5. Transfer the dough to a floured surface and divide into 4 equal pieces. Dust one of the pieces liberally with flour and roll with a floured rolling pin into a rectangle slightly larger than 10 by 15 inches and no more than ⅛ inch thick. (Make it as thin as humanly possible, since the cookies will puff up when baked.)
  6. Transfer the dough rectangle to a prepared baking sheet with the help of a cookie spatula or turner. Cut into 16 (2½ by 1¼ inch) rectangles, using a pastry or pizza cutter, cleaning up any ragged edges as well. The crackers don't need to be separated. Alternatively, you can cut your own graham cracker shapes with cookie cutters.
  7. Poke holes in the crackers using a toothpick or cocktail fork.
  8. Whisk 3 tablespoons sugar with the cinnamon. Add a final 1 tablespoon sugar if you wish, according to taste. Sprinkle the cinnamon sugar evenly and liberally over the crackers. (Save any that's left over for breakfast toast!)
  9. Bake for approximately 12 to 15 minutes, until hints of golden brown appear around the edges. Watch carefully! Transfer the crackers to a wire rack and let cool completely.
  10. Store at room temperature in an airtight container for up to a week.
Graham flour, also known as whole wheat pastry flour, contains all the parts of the wheat berry, but it's milled to have a softer texture than regular old whole wheat.

Excerpt published by permission from Classic Snacks Made from Scratch: 70 Homemade Versions of Your Favorite Brand-Name Treats by Casey Barber. Published by Ulysses Press ©2013.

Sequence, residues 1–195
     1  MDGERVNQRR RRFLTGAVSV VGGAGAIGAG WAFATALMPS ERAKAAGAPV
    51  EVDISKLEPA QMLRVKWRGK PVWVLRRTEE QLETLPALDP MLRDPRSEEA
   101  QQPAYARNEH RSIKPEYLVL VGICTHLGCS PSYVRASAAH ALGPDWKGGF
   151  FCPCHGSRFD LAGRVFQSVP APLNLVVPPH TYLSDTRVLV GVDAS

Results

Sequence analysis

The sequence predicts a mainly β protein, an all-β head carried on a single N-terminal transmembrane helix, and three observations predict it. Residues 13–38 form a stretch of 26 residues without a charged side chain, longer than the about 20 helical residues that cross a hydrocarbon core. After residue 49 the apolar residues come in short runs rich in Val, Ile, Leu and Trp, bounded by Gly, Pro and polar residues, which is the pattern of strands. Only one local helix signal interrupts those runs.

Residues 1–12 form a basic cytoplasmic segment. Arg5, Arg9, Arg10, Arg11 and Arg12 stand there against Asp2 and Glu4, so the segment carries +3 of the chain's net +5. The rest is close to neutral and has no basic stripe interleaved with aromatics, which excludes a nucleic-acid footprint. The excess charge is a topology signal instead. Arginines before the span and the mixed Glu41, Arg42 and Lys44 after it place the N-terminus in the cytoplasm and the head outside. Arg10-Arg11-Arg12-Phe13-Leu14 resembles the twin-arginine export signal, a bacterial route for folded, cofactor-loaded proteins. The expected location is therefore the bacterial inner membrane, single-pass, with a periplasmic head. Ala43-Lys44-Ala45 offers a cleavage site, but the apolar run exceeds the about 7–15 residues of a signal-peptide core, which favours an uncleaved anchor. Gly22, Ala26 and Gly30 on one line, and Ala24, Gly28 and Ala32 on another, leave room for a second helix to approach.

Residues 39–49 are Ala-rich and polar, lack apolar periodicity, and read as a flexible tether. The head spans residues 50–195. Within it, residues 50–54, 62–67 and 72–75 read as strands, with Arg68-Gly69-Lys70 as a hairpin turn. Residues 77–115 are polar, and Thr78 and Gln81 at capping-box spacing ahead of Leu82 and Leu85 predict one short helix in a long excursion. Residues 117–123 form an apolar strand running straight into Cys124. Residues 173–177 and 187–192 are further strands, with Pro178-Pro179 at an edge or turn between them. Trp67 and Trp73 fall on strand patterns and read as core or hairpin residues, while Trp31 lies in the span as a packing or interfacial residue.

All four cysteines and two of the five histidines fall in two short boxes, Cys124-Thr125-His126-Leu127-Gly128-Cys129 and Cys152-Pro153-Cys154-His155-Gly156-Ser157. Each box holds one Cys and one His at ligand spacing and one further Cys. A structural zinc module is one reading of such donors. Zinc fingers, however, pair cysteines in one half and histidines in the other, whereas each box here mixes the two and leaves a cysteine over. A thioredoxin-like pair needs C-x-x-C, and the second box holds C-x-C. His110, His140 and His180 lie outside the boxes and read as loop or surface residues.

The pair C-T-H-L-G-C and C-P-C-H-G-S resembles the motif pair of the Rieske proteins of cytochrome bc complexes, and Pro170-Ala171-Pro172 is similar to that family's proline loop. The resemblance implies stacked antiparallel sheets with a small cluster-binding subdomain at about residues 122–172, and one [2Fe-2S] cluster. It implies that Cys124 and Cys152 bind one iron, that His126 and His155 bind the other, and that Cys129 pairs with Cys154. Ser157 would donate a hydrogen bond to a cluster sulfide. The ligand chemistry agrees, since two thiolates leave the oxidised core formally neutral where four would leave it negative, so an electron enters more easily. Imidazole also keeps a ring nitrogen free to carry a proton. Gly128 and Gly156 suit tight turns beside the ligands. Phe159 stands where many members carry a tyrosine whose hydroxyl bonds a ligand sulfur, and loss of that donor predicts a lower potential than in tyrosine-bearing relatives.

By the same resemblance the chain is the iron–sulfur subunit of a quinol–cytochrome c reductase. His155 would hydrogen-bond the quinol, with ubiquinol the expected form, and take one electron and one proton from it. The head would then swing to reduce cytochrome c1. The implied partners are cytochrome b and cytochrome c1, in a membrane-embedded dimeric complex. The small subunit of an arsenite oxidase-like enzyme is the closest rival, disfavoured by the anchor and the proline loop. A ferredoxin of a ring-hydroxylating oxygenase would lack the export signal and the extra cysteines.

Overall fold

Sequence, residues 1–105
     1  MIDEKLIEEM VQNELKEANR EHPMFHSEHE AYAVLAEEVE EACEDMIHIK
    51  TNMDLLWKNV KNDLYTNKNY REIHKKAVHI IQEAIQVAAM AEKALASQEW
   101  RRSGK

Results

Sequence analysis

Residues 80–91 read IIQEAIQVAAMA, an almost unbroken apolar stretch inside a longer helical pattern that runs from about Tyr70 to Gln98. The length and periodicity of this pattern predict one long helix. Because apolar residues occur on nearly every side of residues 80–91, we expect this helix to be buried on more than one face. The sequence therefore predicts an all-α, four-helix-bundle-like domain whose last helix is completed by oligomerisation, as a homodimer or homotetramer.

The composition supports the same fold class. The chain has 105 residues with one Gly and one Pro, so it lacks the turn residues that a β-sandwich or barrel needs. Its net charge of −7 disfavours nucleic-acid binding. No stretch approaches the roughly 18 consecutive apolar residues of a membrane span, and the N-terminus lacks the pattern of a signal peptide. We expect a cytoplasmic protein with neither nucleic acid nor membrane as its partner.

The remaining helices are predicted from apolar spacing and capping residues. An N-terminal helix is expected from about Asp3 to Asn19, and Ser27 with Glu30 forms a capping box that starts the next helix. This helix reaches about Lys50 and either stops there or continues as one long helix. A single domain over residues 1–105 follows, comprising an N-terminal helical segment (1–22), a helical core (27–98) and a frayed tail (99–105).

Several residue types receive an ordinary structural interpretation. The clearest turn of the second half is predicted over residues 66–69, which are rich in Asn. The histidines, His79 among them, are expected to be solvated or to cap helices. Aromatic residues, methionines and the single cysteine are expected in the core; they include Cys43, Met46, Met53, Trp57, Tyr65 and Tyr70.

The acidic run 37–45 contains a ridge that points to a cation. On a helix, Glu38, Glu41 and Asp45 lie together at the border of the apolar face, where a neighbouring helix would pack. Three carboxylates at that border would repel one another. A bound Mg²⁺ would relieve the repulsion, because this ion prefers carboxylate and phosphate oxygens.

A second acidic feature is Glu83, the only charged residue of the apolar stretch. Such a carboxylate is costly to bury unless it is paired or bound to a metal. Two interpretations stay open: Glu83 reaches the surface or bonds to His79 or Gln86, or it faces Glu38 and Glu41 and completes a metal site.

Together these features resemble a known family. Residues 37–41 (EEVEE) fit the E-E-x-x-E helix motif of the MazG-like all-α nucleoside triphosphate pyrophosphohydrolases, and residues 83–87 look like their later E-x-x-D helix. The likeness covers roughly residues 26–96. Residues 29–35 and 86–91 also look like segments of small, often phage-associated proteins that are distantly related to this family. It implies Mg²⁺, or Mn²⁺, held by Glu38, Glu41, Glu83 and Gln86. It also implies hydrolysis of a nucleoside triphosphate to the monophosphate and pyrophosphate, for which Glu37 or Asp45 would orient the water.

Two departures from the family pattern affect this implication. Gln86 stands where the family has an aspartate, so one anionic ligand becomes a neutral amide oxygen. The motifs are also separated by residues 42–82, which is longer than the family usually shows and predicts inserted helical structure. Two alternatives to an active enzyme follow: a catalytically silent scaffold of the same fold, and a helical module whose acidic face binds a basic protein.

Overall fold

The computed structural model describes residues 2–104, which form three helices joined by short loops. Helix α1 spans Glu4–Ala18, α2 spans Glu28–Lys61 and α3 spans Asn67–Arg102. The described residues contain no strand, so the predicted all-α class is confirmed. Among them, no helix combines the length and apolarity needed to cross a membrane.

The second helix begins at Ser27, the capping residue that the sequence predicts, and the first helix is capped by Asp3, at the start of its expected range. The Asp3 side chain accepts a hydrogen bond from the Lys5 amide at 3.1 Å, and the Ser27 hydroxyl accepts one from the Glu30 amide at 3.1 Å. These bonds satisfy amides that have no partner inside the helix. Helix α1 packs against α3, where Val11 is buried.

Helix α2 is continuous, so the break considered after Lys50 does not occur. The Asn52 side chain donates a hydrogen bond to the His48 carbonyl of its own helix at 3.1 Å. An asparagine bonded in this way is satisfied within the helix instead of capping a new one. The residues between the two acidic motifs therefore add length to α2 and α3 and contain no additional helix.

• Amy Proulx
    Posted at 19:58h, 11 March Reply

    Next – homemade marshmallows to make real s’mores, minus the homemade chocolate. Very elegant moulded chocolates is completely do-able, but chocolate from scratch is a little beyond even the most ambitious of us.

  • Charmian Christie
    Posted at 00:14h, 12 March Reply

    Amy, you’re gonna kill me! Actually I am curious about homemade marshmallows. They’re not on the bucket list, but there’s always next year.

    Once, I ate chocolate marshmallows. I only found them the one time and haven’t seen them in decades, but wonder… if I made s’mores with homemade chocolate marshmallows would that count?

    • Amy Proulx
      Posted at 20:37h, 12 March Reply

      Homemade marshmallows are a cinch if you have a stand mixer and a good thermometer. We make them with kids who come to the school, and they have a great time. How about instead of chocolate from scratch (we all have to set limits!), you could do a hot fudge sauce to drizzle on.

      • Charmian Christie
        Posted at 21:06h, 12 March Reply

        I have both a stand mixer and a good thermometer. I make a mean chocolate sauce so if I ever get my act together…

  • Brittany
    Posted at 10:40h, 23 April Reply

    I’m totally making these today! I have moved from Canada to the UK and they have no idea what graham crackers are or s’mores. I will be making my British friends some homemade s’more!

    • Charmian Christie
      Posted at 13:51h, 23 April Reply

      The UK doesn’t have graham crackers? I lived there for a semester and never noticed. But then again, I was distracted by their amazing digestive biscuits (St. Michael’s brand, of course) and Hobnobs. And Jaffa cakes…

      I’m sure your British friends will love your graham crackers and s’mores.

      If you have time, don’t forget the Nanaimo bars and butter tarts :-)

      Happy baking!

      • Brittany
        Posted at 14:38h, 23 April Reply

        I made Nanaimo bars last week and everyone loved them! They don’t even know what S’mores are. They looked at me quizzically when I mentioned a S’more….

        • Charmian Christie
          Posted at 14:46h, 23 April Reply

          I believe it. I didn’t know what a Hobnob was when I landed in London. I learned. All too well!

          Have fun with your culinary cultural exchange. I’m sure you’ll all have a delicious time.